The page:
By Tim Elfrink
By Kyle Munzenrieder
By Kyle Munzenrieder
By S. Pajot
By Tim Elfrink
By Tim Elfrink
By Kyle Munzenrieder
There was something fishy about the skinny, long-limb, shaved-head stranger who appeared in the parking lot of Macy's at Aventura Mall one steamy Sunday last summer. It wasn't simply that he was younger than the other weekend warriors who bike to Key Biscayne and back every week. Most of the 30 or so cyclists are middle-age professionals. But this guy looked, well, scrappy.
For starters he wasn't wearing a helmet, a hazard most of the cyclists wouldn't risk outside their driveways. He was also shirtless no state-of-the-art sweat-wicking garment adorned with zippers and pockets to store energy bars (or cover his many tattoos).
Then there was his ride: a creaky-looking wreck spray-painted black. "His bike was cheap and old, but on purpose, like he had made it look even cheaper and older," says Steve Tannenbaum, a 40-year-old urologist and cycling enthusiast who was with the group that day. "It was like a bike a guy who delivers Chinese food would ride, but without the basket."
The urologist and his friends were appalled. They wore breathable, padded, no-chafe Lycra shorts and aerodynamic helmets. They straddled gel-infused seats mounted on titanium frames and emptied high-tech energy powders into insulated water bottles. Resetting digital heart-rate monitors/mileage counters, they polished their anti-glare, solar-radiation-resistant sunglasses with chamois cloths. "I mean ..." sputters Tannenbaum, still slightly scandalized, "buying the equipment is like half the fun of doing this."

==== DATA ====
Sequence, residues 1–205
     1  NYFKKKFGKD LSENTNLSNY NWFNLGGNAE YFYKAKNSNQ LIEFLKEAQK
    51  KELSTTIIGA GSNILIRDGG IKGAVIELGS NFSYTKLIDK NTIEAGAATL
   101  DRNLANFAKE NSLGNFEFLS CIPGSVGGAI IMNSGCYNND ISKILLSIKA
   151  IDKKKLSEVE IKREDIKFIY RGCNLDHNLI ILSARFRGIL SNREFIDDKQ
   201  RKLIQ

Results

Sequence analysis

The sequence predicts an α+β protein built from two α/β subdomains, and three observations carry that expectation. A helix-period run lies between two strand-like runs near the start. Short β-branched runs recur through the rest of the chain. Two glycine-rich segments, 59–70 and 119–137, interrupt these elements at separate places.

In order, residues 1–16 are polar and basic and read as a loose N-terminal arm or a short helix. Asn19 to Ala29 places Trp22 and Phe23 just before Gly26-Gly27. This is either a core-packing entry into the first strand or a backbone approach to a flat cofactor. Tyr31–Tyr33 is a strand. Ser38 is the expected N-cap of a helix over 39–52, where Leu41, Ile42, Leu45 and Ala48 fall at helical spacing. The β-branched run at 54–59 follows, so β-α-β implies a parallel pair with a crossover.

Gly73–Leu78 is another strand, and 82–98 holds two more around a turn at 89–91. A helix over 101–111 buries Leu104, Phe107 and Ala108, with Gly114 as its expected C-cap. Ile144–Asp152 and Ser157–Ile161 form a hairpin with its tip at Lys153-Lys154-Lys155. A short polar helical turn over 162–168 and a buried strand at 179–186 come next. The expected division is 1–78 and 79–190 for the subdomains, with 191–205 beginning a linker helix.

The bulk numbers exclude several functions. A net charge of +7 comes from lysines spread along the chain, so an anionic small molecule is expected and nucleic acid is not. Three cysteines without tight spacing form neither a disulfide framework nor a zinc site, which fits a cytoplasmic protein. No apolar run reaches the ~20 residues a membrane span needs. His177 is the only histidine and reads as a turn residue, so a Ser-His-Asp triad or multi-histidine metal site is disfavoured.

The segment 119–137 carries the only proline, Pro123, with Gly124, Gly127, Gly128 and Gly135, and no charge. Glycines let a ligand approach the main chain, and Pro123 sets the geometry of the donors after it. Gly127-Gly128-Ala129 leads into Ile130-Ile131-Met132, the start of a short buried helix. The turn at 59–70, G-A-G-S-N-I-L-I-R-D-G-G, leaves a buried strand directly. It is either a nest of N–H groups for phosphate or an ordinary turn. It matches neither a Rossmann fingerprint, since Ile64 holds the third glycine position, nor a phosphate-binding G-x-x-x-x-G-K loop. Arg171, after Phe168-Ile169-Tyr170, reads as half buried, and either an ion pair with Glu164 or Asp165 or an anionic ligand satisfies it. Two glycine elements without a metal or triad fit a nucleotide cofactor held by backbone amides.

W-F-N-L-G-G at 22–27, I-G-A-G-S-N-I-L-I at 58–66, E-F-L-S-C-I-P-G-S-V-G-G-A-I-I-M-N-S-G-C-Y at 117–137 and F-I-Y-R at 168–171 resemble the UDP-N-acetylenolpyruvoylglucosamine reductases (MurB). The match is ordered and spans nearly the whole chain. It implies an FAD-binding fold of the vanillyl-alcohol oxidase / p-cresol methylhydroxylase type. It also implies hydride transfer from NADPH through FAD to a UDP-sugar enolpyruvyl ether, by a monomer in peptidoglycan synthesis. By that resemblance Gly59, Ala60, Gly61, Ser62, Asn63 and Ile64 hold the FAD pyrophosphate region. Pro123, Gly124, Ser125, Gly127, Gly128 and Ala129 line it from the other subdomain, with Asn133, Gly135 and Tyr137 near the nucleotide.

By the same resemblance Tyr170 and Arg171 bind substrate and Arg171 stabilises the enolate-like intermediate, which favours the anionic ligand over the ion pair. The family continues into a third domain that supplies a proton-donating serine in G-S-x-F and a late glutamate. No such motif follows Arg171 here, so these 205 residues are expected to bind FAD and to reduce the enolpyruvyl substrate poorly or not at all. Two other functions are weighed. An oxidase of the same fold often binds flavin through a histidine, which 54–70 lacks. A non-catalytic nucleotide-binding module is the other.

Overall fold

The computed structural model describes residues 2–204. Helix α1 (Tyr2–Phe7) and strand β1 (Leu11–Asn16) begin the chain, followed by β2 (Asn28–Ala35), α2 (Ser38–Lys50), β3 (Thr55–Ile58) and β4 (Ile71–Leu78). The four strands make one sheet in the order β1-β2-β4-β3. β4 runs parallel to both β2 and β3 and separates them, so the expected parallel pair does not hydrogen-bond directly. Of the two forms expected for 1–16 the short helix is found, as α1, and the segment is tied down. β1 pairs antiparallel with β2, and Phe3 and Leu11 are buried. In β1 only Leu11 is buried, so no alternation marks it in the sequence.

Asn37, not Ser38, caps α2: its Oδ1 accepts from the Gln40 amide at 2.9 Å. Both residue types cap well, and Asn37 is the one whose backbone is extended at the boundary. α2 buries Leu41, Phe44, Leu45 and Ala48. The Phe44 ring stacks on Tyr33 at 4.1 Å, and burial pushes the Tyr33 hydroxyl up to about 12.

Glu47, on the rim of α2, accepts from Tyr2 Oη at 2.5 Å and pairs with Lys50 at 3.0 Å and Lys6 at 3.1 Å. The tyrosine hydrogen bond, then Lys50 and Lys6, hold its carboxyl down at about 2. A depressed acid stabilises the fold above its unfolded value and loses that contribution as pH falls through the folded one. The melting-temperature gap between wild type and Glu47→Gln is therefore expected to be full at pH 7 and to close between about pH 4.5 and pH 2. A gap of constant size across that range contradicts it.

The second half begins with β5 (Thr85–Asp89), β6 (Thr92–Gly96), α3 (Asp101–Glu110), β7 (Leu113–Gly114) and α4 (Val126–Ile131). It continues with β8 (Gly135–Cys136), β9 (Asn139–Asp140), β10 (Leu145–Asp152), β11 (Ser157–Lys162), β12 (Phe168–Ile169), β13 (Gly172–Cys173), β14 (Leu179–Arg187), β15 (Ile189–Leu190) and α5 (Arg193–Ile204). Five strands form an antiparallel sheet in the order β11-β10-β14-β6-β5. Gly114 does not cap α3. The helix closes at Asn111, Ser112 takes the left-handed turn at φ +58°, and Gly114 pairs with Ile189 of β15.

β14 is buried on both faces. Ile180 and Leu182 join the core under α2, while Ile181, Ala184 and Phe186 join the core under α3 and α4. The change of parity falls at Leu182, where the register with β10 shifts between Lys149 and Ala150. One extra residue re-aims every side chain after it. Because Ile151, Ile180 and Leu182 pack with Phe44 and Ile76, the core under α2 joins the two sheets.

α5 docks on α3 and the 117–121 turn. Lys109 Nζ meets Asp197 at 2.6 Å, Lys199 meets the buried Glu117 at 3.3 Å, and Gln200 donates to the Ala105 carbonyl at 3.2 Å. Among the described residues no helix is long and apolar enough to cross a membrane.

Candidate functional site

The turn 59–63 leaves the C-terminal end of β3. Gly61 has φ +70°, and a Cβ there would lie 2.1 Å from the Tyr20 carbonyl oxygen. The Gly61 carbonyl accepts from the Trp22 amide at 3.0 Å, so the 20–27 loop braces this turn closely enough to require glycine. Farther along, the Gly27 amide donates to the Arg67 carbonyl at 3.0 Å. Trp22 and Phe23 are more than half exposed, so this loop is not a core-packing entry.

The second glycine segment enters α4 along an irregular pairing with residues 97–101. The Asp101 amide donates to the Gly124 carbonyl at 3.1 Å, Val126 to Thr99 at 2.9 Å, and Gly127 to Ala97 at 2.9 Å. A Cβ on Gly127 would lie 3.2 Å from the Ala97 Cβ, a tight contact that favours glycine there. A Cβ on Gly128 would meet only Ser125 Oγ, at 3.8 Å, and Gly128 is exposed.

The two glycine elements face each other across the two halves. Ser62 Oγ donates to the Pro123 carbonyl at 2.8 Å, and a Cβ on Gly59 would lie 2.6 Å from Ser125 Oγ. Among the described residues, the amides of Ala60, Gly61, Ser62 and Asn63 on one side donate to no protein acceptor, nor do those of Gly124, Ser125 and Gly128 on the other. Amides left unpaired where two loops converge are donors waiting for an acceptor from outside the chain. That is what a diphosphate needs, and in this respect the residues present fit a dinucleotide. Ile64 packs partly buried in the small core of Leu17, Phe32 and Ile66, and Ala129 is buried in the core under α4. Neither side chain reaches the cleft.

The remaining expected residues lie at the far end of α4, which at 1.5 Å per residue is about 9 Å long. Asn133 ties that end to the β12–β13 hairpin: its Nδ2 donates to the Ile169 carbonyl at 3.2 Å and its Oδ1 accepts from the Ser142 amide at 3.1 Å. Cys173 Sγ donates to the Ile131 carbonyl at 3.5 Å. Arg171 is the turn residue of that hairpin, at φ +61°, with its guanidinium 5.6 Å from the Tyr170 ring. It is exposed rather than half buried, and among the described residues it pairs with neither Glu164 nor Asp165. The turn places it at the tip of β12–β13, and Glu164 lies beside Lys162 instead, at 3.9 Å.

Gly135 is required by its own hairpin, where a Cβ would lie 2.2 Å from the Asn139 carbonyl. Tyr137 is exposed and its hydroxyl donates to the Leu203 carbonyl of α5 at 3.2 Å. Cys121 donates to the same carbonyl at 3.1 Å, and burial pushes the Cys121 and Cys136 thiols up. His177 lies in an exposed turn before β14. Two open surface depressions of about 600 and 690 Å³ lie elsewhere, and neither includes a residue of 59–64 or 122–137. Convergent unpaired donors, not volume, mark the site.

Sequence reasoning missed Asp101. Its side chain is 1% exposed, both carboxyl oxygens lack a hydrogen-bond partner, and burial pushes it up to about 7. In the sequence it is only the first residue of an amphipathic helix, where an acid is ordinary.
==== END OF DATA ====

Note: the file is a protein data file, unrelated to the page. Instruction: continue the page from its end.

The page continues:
With a mass clicking of shoes to pedals, the ride began. Leaning over their triathlon handlebars, riding down A1A, the regulars warily eyed the stranger through polycarbonate lenses. Who the hell was this guy? He wasn't just incongruous in appearance. The stranger was skilled, practiced, like he had been trained. He was fast.
A few Sundays later, 21-year-old Giancarlo Bianchi saw the oddly attired cyclist cruise by him at the summit of the Rickenbacker Causeway. I've seen that guy somewhere, he thought.
He squinted at the black bike and its pale rider in the glaring sunlight. Then he remembered: the Orlando Festival of Speed, 2002. His father took him to see the pro cycling race. Bianchi was just a teenage racer matching names with numbers in the festival program. He remembered watching a rider at full speed lead the peleton over a rough patch of potholed concrete a face grinning, a pair of eyes gleaming maniacally.
Bianchi would have recognized him anywhere.
When the helmetless rider braked after descending the causeway, Bianchi pulled up alongside him. "Did you used to race for Prime Alliance?" the young cyclist asked, referring to a pro bike team.
Taking off his gloves, sweaty and out of breath, the other rider nodded.
"Is your name Matt DeCanio?"
There was a time when DeCanio was one of this country's most promising young cyclists. A member of the U.S. national team for six years, he was the fastest American at the Under-23 World Championships in 1996 and 1999. He trained and raced in 22 countries as a member of a top-level Italian amateur team and later as a pro on the European circuit. He wore yellow jerseys in some of North America's biggest races.
These days the 29-year-old rides on the weekends and at night, when he has time. Since South Florida's landscape is basically planar, it doesn't quite count as training. For a year he sold BMWs at the Braman dealership on Biscayne Boulevard. They fired him a couple of weeks ago.